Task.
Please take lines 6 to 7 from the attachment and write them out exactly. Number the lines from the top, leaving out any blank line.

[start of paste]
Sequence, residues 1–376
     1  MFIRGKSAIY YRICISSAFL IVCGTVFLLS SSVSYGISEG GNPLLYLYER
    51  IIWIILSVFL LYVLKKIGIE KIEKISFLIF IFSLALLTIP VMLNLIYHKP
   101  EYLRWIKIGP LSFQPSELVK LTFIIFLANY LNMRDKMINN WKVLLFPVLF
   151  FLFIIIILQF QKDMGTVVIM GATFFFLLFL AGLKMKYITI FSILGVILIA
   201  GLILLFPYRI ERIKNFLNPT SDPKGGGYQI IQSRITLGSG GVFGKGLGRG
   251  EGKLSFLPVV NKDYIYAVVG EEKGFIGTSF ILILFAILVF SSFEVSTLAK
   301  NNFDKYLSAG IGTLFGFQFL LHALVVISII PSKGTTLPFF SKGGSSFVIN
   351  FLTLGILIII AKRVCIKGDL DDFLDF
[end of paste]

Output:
   201  GLILLFPYRI ERIKNFLNPT SDPKGGGYQI IQSRITLGSG GVFGKGLGRG
   251  EGKLSFLPVV NKDYIYAVVG EEKGFIGTSF ILILFAILVF SSFEVSTLAK